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Cyprus: An Island Rich in Christian Tradition

The Mediterranean island of Cyprus continues its strong Christian tradition.

“One day while they were offering worship to the Lord and keeping a fast, the Holy Spirit said, ‘I want Barnabas and Saul set apart for the work to which I have called them.’ So these two…went down to Seleucia and from there sailed to Cyprus.”

The year was 45 A.D. With these simple words from the Acts of the Apostles, an important chapter in the histories of both Christianity and of the island of Cyprus was recorded.

In the course of performing “the work to which God had called them,” Saint Paul was scourged and Saint Barnabas, a Cypriot himself, was eventually martyred in his native city of Salamis.

And yet, in spite of their rejection and humiliation, they succeeded in permanently rooting Christianity in the soil of the Mediterranean island.

As a result of that first missionary journey, as well as the work of many other Christians throughout the nineteen centuries that have passed since then, Cyprus possesses great wealth in Christian tradition.

The importance of Christianity in the life of the Cypriot people has persisted through the ages. His Beatitude, Archbishop Hilarion Makarios III, of the Greek Orthodox Church, has been President of the Republic of Cyprus since its independence in 1960. And the Greek Orthodox Church in Cyprus now ranks fifth in the world of Greek Orthodoxy.

Excavations have shown that civilization on Cyprus dates from the sixth century B.C. Pre-Christian settlers were attracted by the island’s abundant supply of copper.

Also attractive to these and subsequent peoples was the island’s strategic location. Positioned in the Mediterranean Sea, between Europe, Asia and Africa, Cyprus became both a steppingstone and a battlefield for neighboring nations. Among its many conquerors were the Egyptians, Phoenicians, Assyrians, Persians, Romans, Byzantines, Lusignans, Venetians, Turks and British.

The Christian history of Cyprus before the missionary journey of Saints Paul and Barnabas is sketchy and legend-filled. It is believed that Saint Lazarus came to Cyprus some time after he was raised from the dead, and that he remained there until his death and burial in Larnaca, on the island’s southern coast.

As we are told in the Acts, (11:19), it was the Christians fleeing persecution in Jerusalem after Saint Stephen’s martyrdom who were the first to bring the gospel to Cyprus.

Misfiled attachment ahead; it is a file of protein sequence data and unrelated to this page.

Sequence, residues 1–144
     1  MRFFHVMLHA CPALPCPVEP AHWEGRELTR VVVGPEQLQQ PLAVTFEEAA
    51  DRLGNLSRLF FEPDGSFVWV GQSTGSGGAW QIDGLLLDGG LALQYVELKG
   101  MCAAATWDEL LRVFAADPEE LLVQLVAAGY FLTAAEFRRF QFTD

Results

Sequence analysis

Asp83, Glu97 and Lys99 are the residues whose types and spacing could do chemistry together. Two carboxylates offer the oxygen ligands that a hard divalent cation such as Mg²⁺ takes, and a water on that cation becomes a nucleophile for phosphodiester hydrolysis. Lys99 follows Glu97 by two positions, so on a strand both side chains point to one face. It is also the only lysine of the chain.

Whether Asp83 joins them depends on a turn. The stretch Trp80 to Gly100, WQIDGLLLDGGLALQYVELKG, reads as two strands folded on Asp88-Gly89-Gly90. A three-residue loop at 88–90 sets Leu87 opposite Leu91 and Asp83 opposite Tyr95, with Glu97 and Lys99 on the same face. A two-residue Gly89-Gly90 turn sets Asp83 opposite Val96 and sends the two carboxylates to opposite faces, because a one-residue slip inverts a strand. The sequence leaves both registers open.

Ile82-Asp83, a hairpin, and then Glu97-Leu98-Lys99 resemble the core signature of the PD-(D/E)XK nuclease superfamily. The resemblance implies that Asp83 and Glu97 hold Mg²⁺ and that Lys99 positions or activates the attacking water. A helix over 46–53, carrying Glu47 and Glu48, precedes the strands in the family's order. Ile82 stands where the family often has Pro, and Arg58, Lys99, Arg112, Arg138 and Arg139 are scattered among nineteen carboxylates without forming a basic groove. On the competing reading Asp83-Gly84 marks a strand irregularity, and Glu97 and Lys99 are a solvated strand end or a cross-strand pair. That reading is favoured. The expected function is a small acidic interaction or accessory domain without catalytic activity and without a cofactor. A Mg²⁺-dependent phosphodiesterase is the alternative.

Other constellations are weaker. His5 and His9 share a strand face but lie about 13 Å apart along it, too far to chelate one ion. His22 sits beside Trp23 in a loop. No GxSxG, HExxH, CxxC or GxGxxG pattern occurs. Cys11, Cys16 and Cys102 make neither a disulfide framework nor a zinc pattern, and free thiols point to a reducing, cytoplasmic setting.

However, the first real missionary efforts came with the journey of Saints Paul, Barnabas and Mark.

When these three arrived in 45 A.D., Cyprus was a Roman province. After landing at Salamis and preaching in the synagogues there, they travelled across the island to New Paphos. It was there, according to tradition, that Saint Paul was bound to a pillar and beaten, because of his teaching.

In spite of his initial humiliation, Paul succeeded in converting the Roman proconsul Sergius Paulus. Cyprus thus gained the important distinction of being the first country in the world to be governed by a Christian.

After several other missionary journeys, Paul and Barnabas then separated. Barnabas returned to Cyprus with Mark. In Salamis, he was stoned to death in the reign of the Emperor Nero, (54-68 A.D.)

Now the patron saint of Cyprus, Saint Barnabas – and the details of his death – played an important role in the Christian history of the island.

When Mark heard that Barnabas’ body was to be thrown into the sea, he buried it in a cave. The discovery of his remains, as well as a copy of Saint Matthew’s gospel in Barnabas’ own handwriting, so impressed the Emperor Zeno that in 478 A.D., he bestowed special privileges on the Archbishop of Cyprus. From that time, the Archbishop was permitted to sign in red ink, to wear a cape of imperial purple, and to carry an imperial scepter.

By 313 A.D., when Constantine officially recognized Christianity in the Edict of Milan, most of Cyprus had become Christian. The island was represented at the Council of Nicaea in 321 A.D.

Saint Helena herself, the mother of Constantine, visited Cyprus on her way back from Jerusalem in 327 A.D. She is said to have left a piece of the true cross there, and to have initiated the building of many churches on the island. It is also believed that Saint Helena founded the Monastery of Stavrovouni.

The monasteries in Cyprus attest to the importance of Christianity on the island. There are 19 of them – 11 are Greek Orthodox, 4 are Maronite, 3 are Latin and 1 is Armenian. Kykko, the largest and most famous of all, contains one of three icons believed to have been painted by the Apostle Luke.

Euripides once wrote of the “riches” of “Cyprus set in the sea.” For Christians, those “riches” are the abundance of Christian tradition which has accumulated in the nineteen centuries since St. Paul and St. Barnabas answered the call to do God’s work.

A.V. Crawford is a freelance journalist who has traveled in the Middle East.

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